Overdose Now Leading Cause of Death for Americans Under Age 50

fentanyl 2Deputy Attorney General Rod Rosenstein had a sobering message for the media on Tuesday about the country’s staggering opioid epidemic – it’s getting worse – and drug overdose is now the leading cause of death among Americans under the age of 50.

On Tuesday, Deputy Attorney General Rod Rosenstein and the acting head of the Drug Enforcement Agency (DEA), Chuck Rosenberg, addressed the media at DEA headquarters in Arlington, Virginia about the staggering opioid epidemic in America and the toll it is taking on this country.

“People are dying of drug overdoses in record numbers,” Rosenstein said. “We are not talking about a slight increase. There is a horrifying surge in drug overdoses.”

Calling it a “clear and present threat to our nation,” Rosenstein went on to say that in 2015, more than 52,000 Americans died of drug overdoses, which amounts to 1,000 deaths per week. And of that number, 33,000 died from heroin, fentanyl and other opioid drugs.

“The preliminary numbers for 2016 show an increase to almost 60,000 deaths. That will be the largest annual increase in American history,” he said. “For Americans under the age of 50, drug overdoses now are the leading cause of death.”

Every one of those overdose victims represents a lost parent, child, or friend, he said.

“Opioid drugs are causing unprecedented destruction in our communities. On an average day, 90 Americans will die from an opioid-related overdose. About four people will overdose and die while we sit here this morning. They leave behind parents, spouses, children, and friends.”

For example, the crisis has become so bad that officials in Summit County, Ohio had to request refrigerated trailers to store the bodies of overdose victims because they ran out of room in the county morgue.

In New England, reporters spoke to a detective who saw nine overdoses in a single shift and a mother who lost two of her three sons to the epidemic.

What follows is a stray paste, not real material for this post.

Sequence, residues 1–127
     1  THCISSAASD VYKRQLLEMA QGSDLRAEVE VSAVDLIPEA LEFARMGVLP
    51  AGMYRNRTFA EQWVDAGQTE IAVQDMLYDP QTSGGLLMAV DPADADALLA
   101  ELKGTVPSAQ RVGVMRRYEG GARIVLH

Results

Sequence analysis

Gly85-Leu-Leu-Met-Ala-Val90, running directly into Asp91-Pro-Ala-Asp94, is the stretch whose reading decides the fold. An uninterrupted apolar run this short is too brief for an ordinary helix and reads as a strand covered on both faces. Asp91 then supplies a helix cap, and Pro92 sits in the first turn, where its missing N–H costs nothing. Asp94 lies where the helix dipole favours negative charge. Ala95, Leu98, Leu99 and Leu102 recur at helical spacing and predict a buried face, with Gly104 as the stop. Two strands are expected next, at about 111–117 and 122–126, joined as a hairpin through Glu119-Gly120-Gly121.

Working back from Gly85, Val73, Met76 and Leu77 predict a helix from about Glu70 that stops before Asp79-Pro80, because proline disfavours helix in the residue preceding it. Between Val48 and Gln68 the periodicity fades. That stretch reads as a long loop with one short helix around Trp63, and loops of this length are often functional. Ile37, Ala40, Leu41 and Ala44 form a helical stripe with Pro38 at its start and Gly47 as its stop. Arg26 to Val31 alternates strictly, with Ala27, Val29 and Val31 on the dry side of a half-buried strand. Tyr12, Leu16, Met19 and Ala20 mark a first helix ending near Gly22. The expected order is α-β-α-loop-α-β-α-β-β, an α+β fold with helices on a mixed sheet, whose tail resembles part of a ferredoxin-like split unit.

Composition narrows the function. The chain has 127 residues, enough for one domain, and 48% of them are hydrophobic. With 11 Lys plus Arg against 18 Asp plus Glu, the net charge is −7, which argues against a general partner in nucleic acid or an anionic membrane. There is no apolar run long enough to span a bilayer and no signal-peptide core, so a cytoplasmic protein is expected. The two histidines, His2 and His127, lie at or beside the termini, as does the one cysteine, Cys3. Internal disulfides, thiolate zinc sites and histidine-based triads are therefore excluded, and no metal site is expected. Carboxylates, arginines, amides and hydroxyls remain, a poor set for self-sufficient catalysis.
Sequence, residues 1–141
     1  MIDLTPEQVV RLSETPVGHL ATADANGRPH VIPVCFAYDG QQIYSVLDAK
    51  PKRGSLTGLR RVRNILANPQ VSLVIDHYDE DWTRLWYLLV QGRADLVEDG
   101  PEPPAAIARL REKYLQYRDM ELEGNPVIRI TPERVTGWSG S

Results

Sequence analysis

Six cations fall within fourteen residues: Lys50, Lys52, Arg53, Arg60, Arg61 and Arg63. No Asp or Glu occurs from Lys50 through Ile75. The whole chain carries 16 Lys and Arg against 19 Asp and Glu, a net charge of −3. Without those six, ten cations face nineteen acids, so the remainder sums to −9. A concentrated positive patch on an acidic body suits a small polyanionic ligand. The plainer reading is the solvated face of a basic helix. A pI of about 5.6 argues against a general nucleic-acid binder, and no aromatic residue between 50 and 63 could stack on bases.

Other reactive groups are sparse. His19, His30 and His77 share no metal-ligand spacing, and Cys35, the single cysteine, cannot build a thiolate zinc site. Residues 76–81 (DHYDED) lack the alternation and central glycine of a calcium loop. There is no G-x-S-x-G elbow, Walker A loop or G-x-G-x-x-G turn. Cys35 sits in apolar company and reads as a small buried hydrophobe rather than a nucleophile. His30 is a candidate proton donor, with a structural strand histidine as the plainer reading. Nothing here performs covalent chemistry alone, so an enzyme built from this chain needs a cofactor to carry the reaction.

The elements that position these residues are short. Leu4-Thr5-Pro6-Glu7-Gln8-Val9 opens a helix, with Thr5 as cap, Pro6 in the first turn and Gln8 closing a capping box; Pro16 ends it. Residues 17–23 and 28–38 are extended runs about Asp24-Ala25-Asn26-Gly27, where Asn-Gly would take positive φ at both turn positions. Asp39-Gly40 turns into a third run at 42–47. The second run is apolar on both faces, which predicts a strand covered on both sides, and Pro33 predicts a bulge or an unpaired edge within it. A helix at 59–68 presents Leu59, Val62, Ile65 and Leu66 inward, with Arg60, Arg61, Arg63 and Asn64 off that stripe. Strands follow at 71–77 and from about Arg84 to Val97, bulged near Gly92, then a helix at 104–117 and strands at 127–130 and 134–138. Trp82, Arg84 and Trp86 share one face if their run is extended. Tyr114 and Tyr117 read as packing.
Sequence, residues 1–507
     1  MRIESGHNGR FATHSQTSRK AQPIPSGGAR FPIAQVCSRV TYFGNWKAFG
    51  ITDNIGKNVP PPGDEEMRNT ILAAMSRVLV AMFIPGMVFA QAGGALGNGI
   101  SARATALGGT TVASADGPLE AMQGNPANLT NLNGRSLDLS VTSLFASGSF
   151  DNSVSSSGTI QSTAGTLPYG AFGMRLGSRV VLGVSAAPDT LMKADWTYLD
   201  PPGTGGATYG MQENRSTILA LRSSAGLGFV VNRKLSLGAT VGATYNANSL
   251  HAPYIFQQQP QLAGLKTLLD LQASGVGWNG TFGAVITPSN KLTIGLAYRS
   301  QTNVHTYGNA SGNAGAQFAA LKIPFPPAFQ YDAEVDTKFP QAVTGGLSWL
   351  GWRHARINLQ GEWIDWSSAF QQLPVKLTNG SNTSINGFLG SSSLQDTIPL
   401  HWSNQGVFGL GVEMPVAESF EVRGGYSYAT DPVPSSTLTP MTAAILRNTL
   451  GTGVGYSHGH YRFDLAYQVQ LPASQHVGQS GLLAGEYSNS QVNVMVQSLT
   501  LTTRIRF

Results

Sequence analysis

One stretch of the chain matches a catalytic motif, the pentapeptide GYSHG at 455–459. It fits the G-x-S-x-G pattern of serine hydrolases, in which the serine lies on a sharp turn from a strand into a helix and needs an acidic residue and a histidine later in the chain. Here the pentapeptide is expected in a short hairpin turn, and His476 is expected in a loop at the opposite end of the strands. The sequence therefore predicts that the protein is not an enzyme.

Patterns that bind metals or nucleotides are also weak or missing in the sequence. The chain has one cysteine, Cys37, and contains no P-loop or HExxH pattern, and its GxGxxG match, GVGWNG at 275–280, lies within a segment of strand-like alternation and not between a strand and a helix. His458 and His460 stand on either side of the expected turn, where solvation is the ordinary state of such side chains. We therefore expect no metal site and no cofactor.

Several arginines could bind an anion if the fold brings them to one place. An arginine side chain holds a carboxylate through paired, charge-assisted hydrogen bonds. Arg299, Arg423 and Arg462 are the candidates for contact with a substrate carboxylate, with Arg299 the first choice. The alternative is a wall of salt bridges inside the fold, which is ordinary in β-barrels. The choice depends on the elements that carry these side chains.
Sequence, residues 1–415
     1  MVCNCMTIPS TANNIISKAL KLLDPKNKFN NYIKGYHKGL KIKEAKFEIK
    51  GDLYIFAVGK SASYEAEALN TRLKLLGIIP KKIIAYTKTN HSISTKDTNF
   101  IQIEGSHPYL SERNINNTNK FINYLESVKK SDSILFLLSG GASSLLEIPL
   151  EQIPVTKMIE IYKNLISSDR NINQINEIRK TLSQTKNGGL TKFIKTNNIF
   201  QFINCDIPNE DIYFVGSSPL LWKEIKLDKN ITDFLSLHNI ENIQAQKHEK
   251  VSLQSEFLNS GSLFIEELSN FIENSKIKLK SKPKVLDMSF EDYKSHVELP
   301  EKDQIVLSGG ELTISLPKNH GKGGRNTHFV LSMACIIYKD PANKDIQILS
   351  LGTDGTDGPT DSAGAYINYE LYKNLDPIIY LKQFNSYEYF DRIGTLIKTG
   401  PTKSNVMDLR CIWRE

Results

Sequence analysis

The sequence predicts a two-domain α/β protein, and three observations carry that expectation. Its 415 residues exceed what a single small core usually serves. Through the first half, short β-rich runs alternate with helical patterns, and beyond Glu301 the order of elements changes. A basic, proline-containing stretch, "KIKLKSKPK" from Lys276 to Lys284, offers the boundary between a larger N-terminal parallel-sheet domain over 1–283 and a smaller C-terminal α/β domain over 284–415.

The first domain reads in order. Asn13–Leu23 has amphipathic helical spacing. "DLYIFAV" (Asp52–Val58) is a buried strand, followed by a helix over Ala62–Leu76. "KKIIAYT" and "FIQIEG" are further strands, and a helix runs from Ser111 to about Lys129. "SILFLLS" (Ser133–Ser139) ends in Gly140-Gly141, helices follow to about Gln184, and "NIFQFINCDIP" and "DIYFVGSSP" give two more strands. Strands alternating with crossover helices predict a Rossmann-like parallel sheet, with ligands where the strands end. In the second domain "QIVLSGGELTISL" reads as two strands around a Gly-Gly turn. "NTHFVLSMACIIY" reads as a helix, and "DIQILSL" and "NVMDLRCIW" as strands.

Less than two years ago, on the west side of Chicago, 74 people overdosed in a single 72-hour period after using fentanyl-laced heroin.

According to the CDC, the five states with the highest rates of death linked to drug overdose are West Virginia (41.5 per 100,000), New Hampshire (34.3 per 100,000), Kentucky (29.9 per 100,000), Ohio (29.9 per 100,000), and Rhode Island (28.2 per 100,000).

One of the reasons behind this dramatic spike in overdose deaths is the increasing prevalence of fentanyl, the same drug that killed Prince last year. A particularly dangerous drug that is 30 to 50 times more deadly than heroin, it was originally created for use in treating severe pain in patients, particularly those suffering from late-stage cancer. 

However, Mexican drug cartels and the Chinese are manufacturing a synthetic form of the drug and exporting it into the United States where drug dealers use it to intensify the effects of heroin, cocaine, and other illicit drugs, often without the users’ knowledge.

Just two milligrams of Fentanyl – which is the equivalent of a few grains of table salt – can be lethal.

Not only does it kill its victims within minutes of ingestion, it’s also endangering the lives of first responders and police officers who respond to overdose calls. 

“Just a few weeks ago, a police officer in East Liverpool, Ohio nearly died from exposure to an extremely potent opioid, most likely a fentanyl-related compound. The officer had pulled over a car and noticed an unidentified white powder in the vehicle. The officer took precautions by putting on gloves and a mask for personal protection,” Rosenstein said.

“When the officer returned to the police station, another officer pointed out that he had powder on his shirt. Instinctively, he brushed off the powder while not wearing gloves. About an hour later, he collapsed. That officer had to be treated with four doses of naloxone. Luckily, he survived and is recovering.”

A few weeks ago, a sheriff in his home state of Maryland responded to an overdose scene where he was exposed to opioids and needed a dose of Narcan to reverse the effects.

“The spread of fentanyl means that any encounter a law enforcement officer has with an unidentified white powder could be fatal,” Rosenstein said.

As a result, the DEA issued a new set of guidelines for first responders and law enforcement personnel aimed at keeping them safe as they respond to this growing crisis.

“The opioid epidemic nationwide has caused havoc and heartbreak for our children, friends and neighbors,” Rosenstein said. “Any fentanyl exposure can kill innocent law enforcement, first responders and the public. As we continue to fight this epidemic, it is critical that we provide every tool necessary to educate the public and law enforcement about the dangers of fentanyl and its deadly consequences.”

US authorities are also working closely with their counterparts in China which is a major source of the fentanyl that enters the country. The Chinese government has agreed to ban 116 synthetic opioids for export with additional synthetics scheduled to be banned in the near future.

Click here to read more about the dangers of fentanyl.

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